Understanding Private Letter Rulings and the IRS

When it comes to the IRS, the adage that it’s easier to ask for forgiveness than permission can have costly repercussions. Luckily, the IRS does offer a method whereby taxpayers can ask permission before they take a contemplated step that might later require forgiveness (which would rarely be forthcoming). These are known as private letter rulings.

What exactly is it?

A private letter ruling is issued to a taxpayer by the IRS and provides an interpretation of the tax laws to the taxpayer’s presented set of facts. They are often used by taxpayers seeking confirmation from the IRS that a proposed transaction will not violate the tax laws. They are private in that they can only be relied upon by the taxpayer who requested them. Other taxpayers and even IRS personnel cannot apply private letter rulings to other taxpayer situations.

The Process

The taxpayer who wishes to obtain a private letter ruling must first submit their request in writing. The request must have a complete statement of the facts at issue including identification of the parties at issue, annual accounting period, the method of accounting, description of the business operations of the taxpayer, and detailed information about the transaction at issue. In addition, the taxpayer must also include documents implicated in the transaction, including contracts, wills, instruments, or balance sheets and profit and loss statements for corporations.

The taxpayer must then provide an analysis of the facts and how they relate to the issue at hand. Where the taxpayer requests a particular outcome from the office, as opposed to asking for a general interpretation, the taxpayer must also include citations to supporting authorities as well as authorities that are contrary to the taxpayer’s view. Indeed, the taxpayer is required to be forthcoming and candid about any contrary authorities and address the implications of these contrary authorities on the taxpayer’s request.

Once you’ve finished the entire process, you must sign the letter under penalty of perjury, which means that you are agreeing that the facts you included in the letter are true, correct, and complete to the best of your knowledge. This means if you knowingly provide incorrect facts, the IRS can come after you for perjury (i.e. telling a lie under oath).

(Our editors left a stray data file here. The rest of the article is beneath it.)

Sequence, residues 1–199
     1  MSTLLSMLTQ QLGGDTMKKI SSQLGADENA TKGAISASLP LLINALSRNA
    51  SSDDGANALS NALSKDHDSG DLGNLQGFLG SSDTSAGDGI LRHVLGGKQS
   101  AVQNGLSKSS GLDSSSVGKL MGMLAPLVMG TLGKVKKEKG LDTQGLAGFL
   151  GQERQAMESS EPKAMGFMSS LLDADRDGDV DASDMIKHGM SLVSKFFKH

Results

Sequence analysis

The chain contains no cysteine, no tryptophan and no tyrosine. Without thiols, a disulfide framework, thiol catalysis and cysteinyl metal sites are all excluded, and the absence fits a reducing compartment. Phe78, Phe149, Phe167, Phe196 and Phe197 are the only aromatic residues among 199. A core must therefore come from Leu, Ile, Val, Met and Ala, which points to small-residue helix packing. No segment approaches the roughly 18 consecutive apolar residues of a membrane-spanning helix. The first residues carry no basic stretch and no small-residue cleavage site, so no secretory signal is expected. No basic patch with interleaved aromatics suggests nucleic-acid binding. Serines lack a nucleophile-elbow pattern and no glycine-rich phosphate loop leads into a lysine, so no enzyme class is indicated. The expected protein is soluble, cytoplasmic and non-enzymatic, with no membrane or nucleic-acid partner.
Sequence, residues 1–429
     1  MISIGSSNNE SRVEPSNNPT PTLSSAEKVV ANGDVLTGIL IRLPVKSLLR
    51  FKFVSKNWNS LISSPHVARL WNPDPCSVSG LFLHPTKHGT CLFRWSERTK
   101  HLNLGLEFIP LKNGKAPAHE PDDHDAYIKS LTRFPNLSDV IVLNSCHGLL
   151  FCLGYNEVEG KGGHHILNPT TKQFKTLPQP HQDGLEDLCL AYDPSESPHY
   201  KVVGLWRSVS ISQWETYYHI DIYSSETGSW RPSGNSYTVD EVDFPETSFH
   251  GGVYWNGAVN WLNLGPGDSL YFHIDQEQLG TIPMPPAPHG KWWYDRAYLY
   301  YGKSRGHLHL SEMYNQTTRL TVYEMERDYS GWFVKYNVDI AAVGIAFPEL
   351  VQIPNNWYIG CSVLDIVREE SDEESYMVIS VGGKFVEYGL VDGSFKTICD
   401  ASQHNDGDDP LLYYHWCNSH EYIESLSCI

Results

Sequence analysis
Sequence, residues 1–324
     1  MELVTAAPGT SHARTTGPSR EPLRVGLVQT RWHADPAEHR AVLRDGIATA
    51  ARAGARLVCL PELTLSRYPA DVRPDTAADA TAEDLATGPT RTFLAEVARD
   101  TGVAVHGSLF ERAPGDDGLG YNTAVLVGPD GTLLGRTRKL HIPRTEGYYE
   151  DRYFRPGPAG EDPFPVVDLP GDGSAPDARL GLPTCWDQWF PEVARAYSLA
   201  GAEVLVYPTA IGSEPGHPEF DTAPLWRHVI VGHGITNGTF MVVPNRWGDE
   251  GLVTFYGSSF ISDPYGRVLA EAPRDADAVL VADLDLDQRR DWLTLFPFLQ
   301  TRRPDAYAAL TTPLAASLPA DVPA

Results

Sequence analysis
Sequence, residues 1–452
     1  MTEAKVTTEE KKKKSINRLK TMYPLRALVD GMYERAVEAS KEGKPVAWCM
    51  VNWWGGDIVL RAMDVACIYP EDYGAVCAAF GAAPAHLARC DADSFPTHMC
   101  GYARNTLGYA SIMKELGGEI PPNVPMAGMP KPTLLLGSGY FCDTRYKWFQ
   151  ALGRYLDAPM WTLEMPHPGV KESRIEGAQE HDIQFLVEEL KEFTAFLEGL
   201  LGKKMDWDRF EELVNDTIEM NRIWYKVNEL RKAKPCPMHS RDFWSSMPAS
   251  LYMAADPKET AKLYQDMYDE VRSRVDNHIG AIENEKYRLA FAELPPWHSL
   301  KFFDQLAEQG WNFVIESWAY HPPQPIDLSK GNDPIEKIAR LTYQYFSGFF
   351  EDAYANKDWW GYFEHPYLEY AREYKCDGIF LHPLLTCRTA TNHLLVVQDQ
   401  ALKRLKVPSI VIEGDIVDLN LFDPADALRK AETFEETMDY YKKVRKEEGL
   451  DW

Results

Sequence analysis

The letter, once it is finished by the IRS, will be released to the public, with your information and all, so while you are preparing your request, it is important to include a statement identifying the information that you want deleted from the public version.

When Private Letter Rulings Are Denied

The IRS will not issue private letter rulings in situations where:

  • The identical issue is already under examination by the office or the appeals office
  • The issue is the subject of ongoing litigation involving the taxpayer
  • The issue has been examined by the office or appeals, but the statute of limitations on the determination has not expired.

Private letter rulings are also not available for certain factual situations such as on one part of a larger transaction, for general inquiries regarding tax status or liability of the taxpayer, or regarding tax consequences of proposed legislation. Certain groups are also barred from seeking private letter rulings including foreign governments and business associations or groups.

As with just about everything involving interactions with the IRS, it is a very wise idea to have competent counsel assisting with the filing of a request for a private letter ruling. If you need to file a request for a private letter ruling, contact MaxwellDunn for assistance. Our attorneys can help you through all aspects of the process.